The Force is further connected to Eastern philosophies in that it has a light side and a dark side, and that these two sides are ideally kept in balance. The balance of opposing forces is expressed in the Chinese idea of the yin and the yang, which George Lucas has said that he wanted to incorporate into his story, and he seems to have done so with the Force.[8] However, Star Wars has deviated from the idea of the yin/yang in that it is not generally applied to the concept of atman, and so, its application as a characteristic of the Force is somewhat forced (pun not intended). Also, the two sides of the Force are not just light and dark, but good and evil, whereas the concept of yin/yang does not recognize the moral polarization, and in fact rejects a dualist model of morality because it insists that both the yin and the yang are essential, which, if it were applied to good and evil would make evil a necessary thing.[9] Star Wars does contain the idea that the existence of evil helps the people to stay focused on the good, as in Episode I when the Jedi Council grows lax until they learn of a new Sith Lord, at which time they become more focused on the pursuit of good, but the story never praises the existence of evil in and of itself. Lucas borrows the Chinese idea of balancing opposites, but deviates from it by creating a Western dualist model of morality in which the dark side of the Force is entirely undesirable and is, in fact, condemnable. Lucas thus attempts to use an Eastern model of the soul, but the ethical model he pursues is more consistent with Western modes of thinking.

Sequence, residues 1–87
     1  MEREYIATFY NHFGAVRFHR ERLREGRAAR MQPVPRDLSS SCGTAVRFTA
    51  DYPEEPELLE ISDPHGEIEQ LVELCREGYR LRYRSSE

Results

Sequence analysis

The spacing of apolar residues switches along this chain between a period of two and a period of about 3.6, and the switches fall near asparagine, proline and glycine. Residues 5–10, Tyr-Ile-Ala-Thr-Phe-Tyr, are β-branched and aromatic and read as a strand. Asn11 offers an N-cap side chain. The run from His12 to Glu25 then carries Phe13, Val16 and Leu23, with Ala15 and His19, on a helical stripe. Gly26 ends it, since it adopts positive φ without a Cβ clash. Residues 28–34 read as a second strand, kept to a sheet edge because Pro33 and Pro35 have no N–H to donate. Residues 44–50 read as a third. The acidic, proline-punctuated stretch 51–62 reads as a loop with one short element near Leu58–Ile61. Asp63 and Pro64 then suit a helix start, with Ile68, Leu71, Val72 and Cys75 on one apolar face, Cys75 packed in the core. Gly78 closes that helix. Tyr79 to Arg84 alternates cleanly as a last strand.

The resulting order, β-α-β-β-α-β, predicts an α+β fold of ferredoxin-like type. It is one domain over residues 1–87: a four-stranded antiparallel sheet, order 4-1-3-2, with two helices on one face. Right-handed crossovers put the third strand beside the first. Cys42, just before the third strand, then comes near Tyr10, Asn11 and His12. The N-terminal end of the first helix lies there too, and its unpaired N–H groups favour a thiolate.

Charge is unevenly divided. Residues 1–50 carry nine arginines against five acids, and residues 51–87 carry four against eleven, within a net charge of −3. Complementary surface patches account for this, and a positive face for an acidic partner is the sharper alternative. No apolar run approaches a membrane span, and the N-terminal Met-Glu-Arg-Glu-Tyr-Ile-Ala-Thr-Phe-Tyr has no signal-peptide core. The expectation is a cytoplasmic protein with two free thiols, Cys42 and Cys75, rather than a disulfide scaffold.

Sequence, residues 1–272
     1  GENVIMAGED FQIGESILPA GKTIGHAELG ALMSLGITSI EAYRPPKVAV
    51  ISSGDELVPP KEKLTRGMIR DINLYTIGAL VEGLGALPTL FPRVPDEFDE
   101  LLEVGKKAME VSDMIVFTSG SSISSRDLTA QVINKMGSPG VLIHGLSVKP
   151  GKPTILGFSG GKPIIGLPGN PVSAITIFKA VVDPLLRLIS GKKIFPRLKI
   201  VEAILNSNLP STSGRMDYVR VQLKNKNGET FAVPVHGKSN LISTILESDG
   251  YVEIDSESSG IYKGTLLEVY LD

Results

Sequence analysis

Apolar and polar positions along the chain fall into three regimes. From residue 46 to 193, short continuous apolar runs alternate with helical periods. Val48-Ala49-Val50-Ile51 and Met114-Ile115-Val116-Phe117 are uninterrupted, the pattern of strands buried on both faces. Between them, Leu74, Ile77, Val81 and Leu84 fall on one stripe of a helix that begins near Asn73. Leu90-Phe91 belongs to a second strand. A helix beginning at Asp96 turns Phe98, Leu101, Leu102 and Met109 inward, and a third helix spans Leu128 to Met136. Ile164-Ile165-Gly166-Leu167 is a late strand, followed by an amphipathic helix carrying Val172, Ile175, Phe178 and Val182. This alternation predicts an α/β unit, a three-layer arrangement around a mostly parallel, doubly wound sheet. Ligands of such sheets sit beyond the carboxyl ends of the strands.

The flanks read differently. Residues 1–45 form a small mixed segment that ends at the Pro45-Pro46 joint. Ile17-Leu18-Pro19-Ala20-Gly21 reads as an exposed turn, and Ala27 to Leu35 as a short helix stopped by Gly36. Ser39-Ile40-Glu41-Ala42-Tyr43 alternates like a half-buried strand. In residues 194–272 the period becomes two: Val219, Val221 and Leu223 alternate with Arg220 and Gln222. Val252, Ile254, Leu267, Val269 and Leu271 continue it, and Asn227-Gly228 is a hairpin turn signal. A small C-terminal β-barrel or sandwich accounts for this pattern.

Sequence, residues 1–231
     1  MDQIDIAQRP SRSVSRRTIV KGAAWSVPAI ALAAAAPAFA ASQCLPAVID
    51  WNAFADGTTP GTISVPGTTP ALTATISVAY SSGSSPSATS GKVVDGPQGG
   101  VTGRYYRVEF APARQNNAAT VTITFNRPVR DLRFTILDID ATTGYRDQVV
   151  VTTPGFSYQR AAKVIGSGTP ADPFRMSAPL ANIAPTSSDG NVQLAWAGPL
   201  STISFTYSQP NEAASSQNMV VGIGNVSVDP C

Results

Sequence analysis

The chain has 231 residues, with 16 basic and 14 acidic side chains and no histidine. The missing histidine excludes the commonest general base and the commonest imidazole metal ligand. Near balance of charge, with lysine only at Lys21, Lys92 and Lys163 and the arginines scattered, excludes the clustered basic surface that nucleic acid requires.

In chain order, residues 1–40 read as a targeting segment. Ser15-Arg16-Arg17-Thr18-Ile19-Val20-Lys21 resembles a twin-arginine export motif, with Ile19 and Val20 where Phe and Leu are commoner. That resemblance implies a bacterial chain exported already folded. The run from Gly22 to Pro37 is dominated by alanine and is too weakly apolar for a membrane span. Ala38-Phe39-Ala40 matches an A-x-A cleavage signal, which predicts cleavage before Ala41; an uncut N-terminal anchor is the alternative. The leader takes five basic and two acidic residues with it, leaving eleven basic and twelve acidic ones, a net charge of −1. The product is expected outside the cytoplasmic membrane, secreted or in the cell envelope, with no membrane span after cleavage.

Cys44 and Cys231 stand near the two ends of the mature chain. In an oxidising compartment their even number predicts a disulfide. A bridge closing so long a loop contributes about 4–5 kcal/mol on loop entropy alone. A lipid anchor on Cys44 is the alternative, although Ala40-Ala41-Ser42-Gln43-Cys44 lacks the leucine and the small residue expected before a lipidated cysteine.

This combination of yin/yang and moral dualism creates the most dramatic philosophical tension in Star Wars. For example, the character Anakin is supposed by many of the Jedi to be the one who will fulfill a prophecy in which the evil Sith Lords are destroyed and balance is restored to the Force. These two ideas: destroying the Sith and bringing balance to the Force, are antithetical. If the battle is between the good Jedi (allied with the light side of the Force) and the evil Sith (allied with the dark side of the Force), as it is throughout the entire saga, then destroying the Sith once and for all would theoretically throw the Force out of balance, instead of having its balance restored. The only way that destroying the Sith would bring balance would be if the universe is already ridiculously tilted in favor of the dark side of the Force, which may be the case. However, the very fact that balance is seen as desirable indicates that some darkness is required. Perhaps what Lucas is trying to say is that the world is only stable (i.e. balanced) when evil is fought, and this interpretation does have some support as will be explored below, but the wording of the prophecy implies more strongly that the destruction, not the fighting of evil is what will bring the Force into balance. Ultimately, the attempted combination of Eastern and Western philosophies is awkward at best, and makes it difficult to extrapolate any solid ethical insights about the soul.